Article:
About a half a mile south of the main community of Fort Belknap Agency, is a cluster of housing units. It's population is a part of Fort Belknap Agency.

South Fort Belknap Agency:

About a half a mile south of Central Fort Belknap Agency, is another cluster of housing units. It's population is also a part of Fort Belknap Agency. It covers 45.76 sq. mi. Fort Belknap Agency covers a large area.


2010 population is 843. Indians make up 93.2% of the population of Hays. Like Fort Belknap Agency, Hays is made up of at least five distinct communities.

South Hays:

About 0.9 miles to the southeast of the main area of Hays, is a cluster of housing units. It's population is a part of Hays. It is also located near the western slopes of the Little Rocky Mountains.

North Hays:

About 0.8 miles to the northeast of the main area of Hays, is another cluster of housing units. It's population is a part of Hays. It is also situated very near the Little Rocky Mountains.

Old Hays:

About 3.9 miles north of the main area of Hays, is another cluster of housing units. It's population is a part of Hays. It is not as close to the Little Rocky Mountains as the other communities. I named the small settlement after a street in the settlement.

Star Hill:

It is located in a narrow mountain valley over a half a mile southeast of South Hays. It's population is included with that of Hays. It is the only community located around Hays, that is in the mountains.

Hays covers 27.05 sq. mi. It covers a large area.The Little Shell Blackfeet Chippewas had a minor district at Hays. In 1939, the Hays district representative was probably Joseph Azure.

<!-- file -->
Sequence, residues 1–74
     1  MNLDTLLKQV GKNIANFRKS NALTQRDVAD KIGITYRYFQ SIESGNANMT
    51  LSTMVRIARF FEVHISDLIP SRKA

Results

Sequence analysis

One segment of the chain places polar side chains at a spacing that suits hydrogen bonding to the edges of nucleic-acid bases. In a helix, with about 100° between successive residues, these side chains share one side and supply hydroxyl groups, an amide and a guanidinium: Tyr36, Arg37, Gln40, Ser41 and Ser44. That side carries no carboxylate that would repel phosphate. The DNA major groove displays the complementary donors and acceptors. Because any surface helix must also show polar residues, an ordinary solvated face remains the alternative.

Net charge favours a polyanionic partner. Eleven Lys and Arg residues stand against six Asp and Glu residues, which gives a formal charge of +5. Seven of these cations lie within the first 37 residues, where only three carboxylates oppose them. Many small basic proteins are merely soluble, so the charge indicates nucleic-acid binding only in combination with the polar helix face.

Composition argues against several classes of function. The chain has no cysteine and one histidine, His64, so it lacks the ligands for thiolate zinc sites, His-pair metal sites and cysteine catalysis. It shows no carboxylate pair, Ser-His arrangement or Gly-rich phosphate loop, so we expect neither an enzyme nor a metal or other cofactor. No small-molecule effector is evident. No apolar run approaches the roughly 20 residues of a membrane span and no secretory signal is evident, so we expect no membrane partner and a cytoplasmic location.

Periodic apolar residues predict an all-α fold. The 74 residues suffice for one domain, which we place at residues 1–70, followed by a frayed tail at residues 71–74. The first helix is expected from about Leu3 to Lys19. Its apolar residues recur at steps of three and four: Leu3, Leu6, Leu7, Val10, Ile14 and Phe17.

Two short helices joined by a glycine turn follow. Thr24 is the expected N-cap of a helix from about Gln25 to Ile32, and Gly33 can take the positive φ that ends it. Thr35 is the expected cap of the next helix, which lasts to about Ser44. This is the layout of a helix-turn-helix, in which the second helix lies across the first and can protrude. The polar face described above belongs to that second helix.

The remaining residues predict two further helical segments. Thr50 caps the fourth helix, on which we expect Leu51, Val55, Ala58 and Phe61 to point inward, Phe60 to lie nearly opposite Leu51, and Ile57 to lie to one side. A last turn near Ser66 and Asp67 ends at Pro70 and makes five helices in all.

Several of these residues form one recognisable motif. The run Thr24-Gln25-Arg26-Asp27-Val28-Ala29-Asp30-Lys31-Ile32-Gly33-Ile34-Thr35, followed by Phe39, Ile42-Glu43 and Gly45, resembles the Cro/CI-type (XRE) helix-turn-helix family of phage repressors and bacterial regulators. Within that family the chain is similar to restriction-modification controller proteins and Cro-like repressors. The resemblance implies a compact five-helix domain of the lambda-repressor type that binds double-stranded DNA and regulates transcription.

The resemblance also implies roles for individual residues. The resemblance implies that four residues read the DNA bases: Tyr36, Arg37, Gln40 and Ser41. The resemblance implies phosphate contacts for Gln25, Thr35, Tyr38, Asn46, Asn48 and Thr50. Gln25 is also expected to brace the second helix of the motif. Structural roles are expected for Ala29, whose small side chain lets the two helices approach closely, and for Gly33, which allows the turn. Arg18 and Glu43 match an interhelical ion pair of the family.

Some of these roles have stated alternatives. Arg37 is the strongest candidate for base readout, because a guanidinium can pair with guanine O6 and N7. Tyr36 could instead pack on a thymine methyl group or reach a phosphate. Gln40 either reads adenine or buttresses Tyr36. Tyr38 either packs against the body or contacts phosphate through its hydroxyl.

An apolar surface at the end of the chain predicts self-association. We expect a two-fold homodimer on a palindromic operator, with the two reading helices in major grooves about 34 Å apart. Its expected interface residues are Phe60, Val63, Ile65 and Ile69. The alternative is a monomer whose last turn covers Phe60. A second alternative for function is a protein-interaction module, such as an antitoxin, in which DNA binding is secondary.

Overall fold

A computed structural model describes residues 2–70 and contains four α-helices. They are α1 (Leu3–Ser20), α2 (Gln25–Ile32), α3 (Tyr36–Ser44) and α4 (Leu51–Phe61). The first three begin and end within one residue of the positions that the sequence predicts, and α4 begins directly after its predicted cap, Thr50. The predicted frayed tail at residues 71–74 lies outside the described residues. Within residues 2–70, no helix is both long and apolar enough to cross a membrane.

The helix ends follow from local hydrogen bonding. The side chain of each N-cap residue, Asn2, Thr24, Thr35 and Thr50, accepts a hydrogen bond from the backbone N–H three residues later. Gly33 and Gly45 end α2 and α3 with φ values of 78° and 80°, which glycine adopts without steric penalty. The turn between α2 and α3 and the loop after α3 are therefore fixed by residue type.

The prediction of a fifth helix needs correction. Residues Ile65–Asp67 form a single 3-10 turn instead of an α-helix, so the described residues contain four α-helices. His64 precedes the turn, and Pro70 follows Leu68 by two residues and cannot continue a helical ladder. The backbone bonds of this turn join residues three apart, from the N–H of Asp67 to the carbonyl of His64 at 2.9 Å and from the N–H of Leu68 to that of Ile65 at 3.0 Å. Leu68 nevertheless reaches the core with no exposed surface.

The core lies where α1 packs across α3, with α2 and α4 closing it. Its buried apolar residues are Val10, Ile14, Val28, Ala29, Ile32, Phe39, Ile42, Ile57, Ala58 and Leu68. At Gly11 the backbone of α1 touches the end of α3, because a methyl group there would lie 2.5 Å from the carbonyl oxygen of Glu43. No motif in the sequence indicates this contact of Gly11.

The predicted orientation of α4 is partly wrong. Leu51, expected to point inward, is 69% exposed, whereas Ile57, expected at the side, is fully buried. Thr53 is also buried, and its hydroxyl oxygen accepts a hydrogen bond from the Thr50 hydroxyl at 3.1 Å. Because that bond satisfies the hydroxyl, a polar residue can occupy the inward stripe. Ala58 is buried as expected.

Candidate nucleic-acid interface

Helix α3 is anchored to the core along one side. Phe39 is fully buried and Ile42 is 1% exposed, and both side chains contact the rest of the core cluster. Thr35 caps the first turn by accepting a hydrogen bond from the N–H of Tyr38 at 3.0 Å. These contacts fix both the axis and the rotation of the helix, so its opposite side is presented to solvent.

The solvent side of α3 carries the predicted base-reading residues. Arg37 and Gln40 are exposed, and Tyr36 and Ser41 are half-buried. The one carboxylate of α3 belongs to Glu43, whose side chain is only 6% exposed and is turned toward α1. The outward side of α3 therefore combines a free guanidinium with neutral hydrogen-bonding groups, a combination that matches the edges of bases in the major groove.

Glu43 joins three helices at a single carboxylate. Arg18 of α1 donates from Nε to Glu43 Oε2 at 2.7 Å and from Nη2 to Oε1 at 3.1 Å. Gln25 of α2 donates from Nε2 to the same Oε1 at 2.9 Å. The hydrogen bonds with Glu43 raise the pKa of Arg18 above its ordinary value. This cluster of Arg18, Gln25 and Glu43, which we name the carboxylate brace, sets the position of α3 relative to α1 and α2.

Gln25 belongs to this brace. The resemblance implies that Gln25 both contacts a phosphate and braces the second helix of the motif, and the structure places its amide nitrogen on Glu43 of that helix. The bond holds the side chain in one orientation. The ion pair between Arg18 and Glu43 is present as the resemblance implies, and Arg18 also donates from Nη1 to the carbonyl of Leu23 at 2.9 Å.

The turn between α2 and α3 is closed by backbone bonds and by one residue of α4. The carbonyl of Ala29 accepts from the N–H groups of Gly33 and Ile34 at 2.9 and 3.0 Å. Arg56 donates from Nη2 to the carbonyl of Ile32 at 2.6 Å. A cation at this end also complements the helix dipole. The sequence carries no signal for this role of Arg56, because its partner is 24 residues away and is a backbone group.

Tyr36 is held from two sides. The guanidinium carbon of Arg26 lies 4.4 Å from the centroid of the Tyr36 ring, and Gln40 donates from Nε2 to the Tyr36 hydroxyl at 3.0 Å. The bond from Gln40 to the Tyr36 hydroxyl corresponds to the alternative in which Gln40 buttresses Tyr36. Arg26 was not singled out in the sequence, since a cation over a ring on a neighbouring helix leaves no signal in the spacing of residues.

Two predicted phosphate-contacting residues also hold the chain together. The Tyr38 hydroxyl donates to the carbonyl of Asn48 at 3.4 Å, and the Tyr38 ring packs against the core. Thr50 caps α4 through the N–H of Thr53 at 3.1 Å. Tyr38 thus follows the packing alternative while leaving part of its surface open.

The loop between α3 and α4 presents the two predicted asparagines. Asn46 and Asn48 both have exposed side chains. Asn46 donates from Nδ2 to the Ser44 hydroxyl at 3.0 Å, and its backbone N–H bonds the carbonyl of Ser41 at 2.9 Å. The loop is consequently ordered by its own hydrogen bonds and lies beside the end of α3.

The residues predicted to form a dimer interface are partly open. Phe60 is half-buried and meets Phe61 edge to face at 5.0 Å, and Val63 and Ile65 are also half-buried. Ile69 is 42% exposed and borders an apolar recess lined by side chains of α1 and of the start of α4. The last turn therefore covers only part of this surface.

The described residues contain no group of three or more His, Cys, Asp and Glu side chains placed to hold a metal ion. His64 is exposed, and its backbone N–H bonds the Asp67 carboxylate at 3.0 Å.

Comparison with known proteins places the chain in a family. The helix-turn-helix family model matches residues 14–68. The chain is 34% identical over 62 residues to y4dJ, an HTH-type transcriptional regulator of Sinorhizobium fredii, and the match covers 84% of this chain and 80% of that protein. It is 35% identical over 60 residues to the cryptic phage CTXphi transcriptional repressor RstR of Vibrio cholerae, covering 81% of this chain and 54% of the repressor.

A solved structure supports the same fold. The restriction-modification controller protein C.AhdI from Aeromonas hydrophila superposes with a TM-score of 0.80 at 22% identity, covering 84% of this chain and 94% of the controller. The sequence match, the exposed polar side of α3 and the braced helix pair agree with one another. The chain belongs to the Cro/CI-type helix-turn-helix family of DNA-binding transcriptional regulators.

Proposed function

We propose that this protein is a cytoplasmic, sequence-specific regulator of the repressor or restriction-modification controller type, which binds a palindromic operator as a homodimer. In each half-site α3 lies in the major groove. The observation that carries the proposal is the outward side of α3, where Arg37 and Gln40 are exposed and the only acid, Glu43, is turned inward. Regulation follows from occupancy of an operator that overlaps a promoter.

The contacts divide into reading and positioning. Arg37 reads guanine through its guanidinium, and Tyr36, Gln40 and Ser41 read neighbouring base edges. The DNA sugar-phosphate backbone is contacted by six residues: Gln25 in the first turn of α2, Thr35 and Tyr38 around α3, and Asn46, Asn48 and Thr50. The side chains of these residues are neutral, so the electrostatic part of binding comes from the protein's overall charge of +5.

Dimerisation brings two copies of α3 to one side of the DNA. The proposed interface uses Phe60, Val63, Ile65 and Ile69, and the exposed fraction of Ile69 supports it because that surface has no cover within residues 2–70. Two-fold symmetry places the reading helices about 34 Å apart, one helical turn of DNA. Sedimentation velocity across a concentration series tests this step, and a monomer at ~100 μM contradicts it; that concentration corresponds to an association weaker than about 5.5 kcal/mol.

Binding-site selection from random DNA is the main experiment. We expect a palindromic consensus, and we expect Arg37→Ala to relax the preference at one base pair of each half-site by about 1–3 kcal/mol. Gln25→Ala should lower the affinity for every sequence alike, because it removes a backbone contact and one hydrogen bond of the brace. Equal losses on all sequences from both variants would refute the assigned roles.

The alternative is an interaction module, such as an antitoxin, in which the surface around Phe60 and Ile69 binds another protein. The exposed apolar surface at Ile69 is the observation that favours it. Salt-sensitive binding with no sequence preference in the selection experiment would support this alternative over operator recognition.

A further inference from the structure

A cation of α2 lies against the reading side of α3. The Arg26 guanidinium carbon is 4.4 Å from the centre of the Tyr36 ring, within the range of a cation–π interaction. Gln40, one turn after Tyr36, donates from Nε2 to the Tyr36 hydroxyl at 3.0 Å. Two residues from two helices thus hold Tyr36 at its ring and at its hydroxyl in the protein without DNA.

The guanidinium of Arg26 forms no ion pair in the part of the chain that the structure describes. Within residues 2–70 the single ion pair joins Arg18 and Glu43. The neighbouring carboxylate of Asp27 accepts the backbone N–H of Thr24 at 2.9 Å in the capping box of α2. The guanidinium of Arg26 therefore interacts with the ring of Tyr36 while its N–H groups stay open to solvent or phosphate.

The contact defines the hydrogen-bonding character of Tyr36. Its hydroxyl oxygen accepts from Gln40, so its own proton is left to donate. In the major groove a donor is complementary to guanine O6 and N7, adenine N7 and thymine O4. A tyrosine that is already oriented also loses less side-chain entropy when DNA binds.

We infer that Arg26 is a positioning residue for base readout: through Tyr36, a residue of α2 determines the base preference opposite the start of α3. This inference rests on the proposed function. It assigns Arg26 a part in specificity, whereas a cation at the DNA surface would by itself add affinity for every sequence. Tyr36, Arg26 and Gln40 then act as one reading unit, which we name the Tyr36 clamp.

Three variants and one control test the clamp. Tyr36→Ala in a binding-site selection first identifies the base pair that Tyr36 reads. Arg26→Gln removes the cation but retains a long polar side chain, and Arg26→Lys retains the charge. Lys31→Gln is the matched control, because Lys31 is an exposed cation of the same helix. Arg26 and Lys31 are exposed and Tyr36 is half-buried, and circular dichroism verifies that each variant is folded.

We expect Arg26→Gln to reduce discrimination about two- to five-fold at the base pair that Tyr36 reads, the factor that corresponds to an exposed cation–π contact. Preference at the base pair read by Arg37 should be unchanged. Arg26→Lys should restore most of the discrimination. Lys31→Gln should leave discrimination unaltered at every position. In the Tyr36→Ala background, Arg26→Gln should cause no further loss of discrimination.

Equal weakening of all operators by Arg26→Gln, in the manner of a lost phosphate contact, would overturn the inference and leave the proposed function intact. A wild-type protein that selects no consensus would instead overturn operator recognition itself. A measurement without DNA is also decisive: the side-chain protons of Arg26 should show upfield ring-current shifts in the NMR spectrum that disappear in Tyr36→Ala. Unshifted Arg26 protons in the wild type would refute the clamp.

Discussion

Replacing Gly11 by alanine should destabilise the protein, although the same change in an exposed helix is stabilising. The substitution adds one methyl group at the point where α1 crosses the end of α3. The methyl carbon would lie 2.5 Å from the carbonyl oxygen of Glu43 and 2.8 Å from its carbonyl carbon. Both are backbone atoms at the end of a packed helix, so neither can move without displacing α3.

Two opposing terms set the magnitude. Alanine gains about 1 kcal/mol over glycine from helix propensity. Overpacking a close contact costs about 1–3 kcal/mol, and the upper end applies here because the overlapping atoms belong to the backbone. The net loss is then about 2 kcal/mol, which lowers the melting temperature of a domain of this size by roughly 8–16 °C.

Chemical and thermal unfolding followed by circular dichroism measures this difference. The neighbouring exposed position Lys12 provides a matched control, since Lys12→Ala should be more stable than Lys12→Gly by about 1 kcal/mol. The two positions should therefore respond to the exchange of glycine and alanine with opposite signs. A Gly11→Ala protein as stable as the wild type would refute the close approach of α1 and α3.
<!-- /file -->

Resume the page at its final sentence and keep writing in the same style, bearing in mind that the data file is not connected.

Lodge Pole: 2010 population is 265. Indians make up 97% of the population. Like both Fort Belknap Agency and Hays, Lodge Pole is made up of three distinct communities.

South Lodge Pole:

About 0.4 miles southeast of the main area of Lodge Pole, is a cluster of housing units. It's population is a part of Lodge Pole. It is located near the northeastern slopes of the Little Rocky Mountains.

North Lodge Pole:

About 0.8 miles north of the main area of Lodge Pole, is a new cluster of housing units or a new settlement. It is also located near the northeastern slopes of the Little Rocky Mountains. It's population is a part of Lodge Pole.

There are at least 11 distinct communities on the Fort Belknap Reservation. However, Reservation leaders follow County and State laws. Reservation leaders should have full authority over the 11 communities. They should issue each distinct community it's own community name and define each communities borders or village limits. They should also give each community the power of jurisdiction, or allow the citizens of each community to elect their community leaders.

In addition to the communities located on Fort Belknap Reservation, two others almost adjacent to the northern border of the Reservation are predominantly Indian. They are Dodson and Harlem. Dodson has a population of 124 according to the 2010 census. Indians make up over half of the population. Harlem has a population of 808 according to the 2010 census. Indians make up over 60% of the city's population. When including the Indian population of Dodson and Harlem, along with the Indian population south of Fort Belknap Reservation and Landusky and Zortman, the Reservations population is closer to 3,300.

Population Growth History

Between 1900, when the Reservation population was around 1,290, to around the time of the vote on the IRA, the population of Fort Belknap Reservation increased by only 75.

Since 1935, the population of Fort Belknap Reservation has increased from around 1,350 in 1935, to 2,738 in 2010. It has taken around 6 decades for the population to double. However, the predominantly Indian communities adjacent to Fort Belknap Reservation, bring the total Reservation population to over 3,300. It has actually nearly tripled in population since 1935.